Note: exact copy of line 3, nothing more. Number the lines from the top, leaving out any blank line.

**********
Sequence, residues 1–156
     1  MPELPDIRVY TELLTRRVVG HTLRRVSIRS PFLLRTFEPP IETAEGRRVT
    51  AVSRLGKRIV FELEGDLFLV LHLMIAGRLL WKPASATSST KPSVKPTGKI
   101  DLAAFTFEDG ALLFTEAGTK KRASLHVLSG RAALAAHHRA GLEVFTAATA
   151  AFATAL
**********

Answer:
    51  AVSRLGKRIV FELEGDLFLV LHLMIAGRLL WKPASATSST KPSVKPTGKI